sexta-feira, 3 de fevereiro de 2006

"Credit Expansion and the Trade Cycle", (em poucas palavras)

"Now what is credit expansion? Credit expansion is inflation also. The reason for making a distinction between credit expansion and simple inflation is because of the different effects that an additional quantity of money has upon entering the economic system by the two different routes. In simple inflation, the new money enters by spending on the part of government. The government spends additional sums created, for instance, for the purpose of carrying on a war. The effect of this spending is that prices of the things the government buys go up and consumers start to hoard. With credit expansion the additional quantities of money enter the economic system, not through government spending, but through loans of newly created credit to businessmen by the banks. So the prices of the things businesses buy go up. This brings about a "boom" in business. If this boom is not stopped in time, it develops into a great economic crisis. This is the trade cycle, the most interesting phenomenon of the capitalistic system.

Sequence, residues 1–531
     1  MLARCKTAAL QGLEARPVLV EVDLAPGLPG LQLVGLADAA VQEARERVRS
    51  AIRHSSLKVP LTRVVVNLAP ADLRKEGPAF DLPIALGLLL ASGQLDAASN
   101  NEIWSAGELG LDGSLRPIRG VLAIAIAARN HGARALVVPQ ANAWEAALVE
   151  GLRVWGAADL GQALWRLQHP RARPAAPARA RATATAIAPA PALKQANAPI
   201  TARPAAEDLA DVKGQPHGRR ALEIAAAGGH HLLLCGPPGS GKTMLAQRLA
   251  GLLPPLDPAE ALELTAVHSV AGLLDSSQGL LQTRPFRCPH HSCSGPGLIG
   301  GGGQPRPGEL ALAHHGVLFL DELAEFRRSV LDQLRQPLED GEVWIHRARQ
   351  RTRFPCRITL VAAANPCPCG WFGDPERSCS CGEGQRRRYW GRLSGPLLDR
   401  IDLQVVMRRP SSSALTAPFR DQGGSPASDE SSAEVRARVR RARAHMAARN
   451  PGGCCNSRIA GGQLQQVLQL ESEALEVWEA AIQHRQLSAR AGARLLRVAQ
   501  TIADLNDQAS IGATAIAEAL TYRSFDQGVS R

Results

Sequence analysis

The trade cycle is due to the fact that banks expand credit and this credit expansion brings about an expansion of business. But as the quantities of producers' goods, capital goods, are not increased, there is an over-expansion of some businesses, but not a general over-investment, as it is called by some finance brokers, throughout the whole economy. The significant characteristic of the boom is this over-expansion by the artificial lowering of the interest rate in order to create the credit expansion. This misleads businessmen into thinking that there is a greater amount of capital goods available than actually exists, and that certain projects are now possible which would have been impossible with a higher rate of interest. In fact the only thing that is newly available is an increased amount of credit created precisely for this purpose. This system, this "boom," goes on until finally it breaks down when it becomes apparent that the so-called "over-investment" is actually mal-investment or over-expansion in some areas of the economy." "Beware the Alchemists" by Ludwig von Mises

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